Finding a live aboard company that would understand the needs of a group of aquarists and what we would be looking to accomplish proved to be quite challenging. In addition, we looked for a company that would understand the landscape of the reef, where are the lagoons, where are the reef flats, where are the stony corals, where are the large schools of fish, and most importantly how do we best avoid SHARKS. The company that met all our needs was Expedition Fleet, and they provided us with a knowledgeable staff and a live aboard boat named the Apo Explorer. This boat came with all the modern day accommodations, such as hot and cold water, air conditioned rooms and individual bathrooms in addition to a cook, a mess hall, and most importantly dive gear.
With much of our trip well planned out, at least a year in advance, we commissioned the assistance of a PADI master instructor Louis Claver, owner of Boracay Scuba. Louis travels with our group on a continuous basis to different dive sites around the Philippines and has become more of a brother than a Dive Master we rely upon. Bear in mind, that Expedition Fleet provides PADI experts Dive Masters with their excursions, but we are a little more demanding than most when we dive as a group.
I alone require the assistance of my own Dive Master–this has become a necessity since I am typically the only one taking pictures underwater. When taking photos you tend to observe the landscape a little closer than most and have a tendency to slow the progress of the group. Dive Masters pay close attention to my buoyancy and adjust me accordingly allowing me to focus all my attention on the shot. They also assist in finding and pointing out the unusual that can be easily overlooked.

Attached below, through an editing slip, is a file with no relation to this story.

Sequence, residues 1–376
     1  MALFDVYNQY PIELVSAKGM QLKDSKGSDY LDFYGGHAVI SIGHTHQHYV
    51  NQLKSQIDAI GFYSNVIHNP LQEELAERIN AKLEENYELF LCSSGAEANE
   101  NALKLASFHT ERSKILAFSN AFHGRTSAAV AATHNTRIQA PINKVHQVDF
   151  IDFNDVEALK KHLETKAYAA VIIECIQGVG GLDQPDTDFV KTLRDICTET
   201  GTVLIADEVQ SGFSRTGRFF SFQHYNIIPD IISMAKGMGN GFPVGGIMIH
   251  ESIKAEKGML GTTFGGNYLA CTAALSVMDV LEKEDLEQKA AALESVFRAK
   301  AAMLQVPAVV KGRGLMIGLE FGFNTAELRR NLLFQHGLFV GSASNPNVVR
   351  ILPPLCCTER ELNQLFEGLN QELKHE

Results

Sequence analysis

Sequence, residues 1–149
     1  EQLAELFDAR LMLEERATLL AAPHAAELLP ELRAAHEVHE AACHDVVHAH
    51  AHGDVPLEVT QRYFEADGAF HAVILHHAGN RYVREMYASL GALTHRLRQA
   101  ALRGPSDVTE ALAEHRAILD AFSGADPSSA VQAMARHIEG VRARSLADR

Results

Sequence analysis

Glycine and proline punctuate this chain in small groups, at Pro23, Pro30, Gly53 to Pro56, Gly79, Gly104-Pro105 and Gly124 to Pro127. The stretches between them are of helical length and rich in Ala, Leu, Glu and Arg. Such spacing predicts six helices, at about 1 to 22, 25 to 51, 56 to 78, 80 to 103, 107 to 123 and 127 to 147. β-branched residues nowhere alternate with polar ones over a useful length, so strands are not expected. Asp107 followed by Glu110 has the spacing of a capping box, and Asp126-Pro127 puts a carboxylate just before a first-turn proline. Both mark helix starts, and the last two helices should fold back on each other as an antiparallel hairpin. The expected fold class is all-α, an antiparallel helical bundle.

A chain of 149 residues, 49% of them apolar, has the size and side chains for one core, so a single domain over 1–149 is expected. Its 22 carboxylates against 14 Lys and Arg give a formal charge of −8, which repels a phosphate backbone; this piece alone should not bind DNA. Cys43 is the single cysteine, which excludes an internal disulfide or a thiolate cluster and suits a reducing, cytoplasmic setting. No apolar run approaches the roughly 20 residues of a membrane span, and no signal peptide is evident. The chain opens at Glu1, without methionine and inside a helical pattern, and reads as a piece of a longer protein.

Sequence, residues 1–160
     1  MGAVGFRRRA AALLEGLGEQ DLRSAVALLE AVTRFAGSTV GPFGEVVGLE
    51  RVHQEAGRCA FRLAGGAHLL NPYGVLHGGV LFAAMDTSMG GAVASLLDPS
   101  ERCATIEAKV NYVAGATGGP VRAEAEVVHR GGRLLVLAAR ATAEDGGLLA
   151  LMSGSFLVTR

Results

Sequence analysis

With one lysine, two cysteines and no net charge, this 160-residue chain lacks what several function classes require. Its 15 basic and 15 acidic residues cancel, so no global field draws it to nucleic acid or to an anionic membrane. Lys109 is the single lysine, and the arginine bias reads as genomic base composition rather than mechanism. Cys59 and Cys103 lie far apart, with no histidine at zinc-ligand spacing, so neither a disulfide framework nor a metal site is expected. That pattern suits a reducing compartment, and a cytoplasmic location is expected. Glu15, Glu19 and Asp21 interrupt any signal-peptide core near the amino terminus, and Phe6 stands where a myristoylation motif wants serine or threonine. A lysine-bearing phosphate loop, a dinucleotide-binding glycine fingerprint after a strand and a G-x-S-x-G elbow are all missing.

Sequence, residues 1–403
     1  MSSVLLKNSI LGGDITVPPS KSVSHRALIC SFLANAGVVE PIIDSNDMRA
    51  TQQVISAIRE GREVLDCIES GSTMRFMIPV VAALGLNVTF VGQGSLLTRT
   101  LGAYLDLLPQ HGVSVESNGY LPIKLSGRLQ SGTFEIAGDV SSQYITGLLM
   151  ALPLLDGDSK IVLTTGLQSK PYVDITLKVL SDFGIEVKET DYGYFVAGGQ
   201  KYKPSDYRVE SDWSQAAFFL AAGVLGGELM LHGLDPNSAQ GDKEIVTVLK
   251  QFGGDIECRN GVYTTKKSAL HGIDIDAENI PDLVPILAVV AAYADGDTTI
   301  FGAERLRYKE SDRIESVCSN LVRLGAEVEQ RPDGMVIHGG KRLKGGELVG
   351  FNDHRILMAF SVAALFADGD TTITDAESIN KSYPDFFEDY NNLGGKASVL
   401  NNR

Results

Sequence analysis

I arrived in Manila after traveling almost 33 hours, took a nap, showered, and headed to the airport were I once again embarked on another airplane for a three-hour flight to Palawan Island. We landed in Palawan and stayed at a hotel in Puerto Princesa City through the night and headed to the boat in the morning. With an early wake-up call, we all arrived at the pier with plenty of time and I observed and pointed out how clean the dock is with all these large and small boats around. The other interesting fact in addition to the tremendously clean water was the thousands of Blue-green Damsel (Chromis viridis) swimming near the water’s surface.
We board the Apo Explorer and journey forward toward Tubbataha Reef. We lounged on its spacious deck, entertained ourselves in stimulating conversation, and enjoyed our ride to coral paradise. We observed countless Dolphin and Whales from the ships spacious bow and eight hours later, we are within visual distance of the Ranger station. The boat Captain radioed the Ranger station and requested permission to visit the park with 12 SCUBA divers. He also requested permission for a short tour of the station.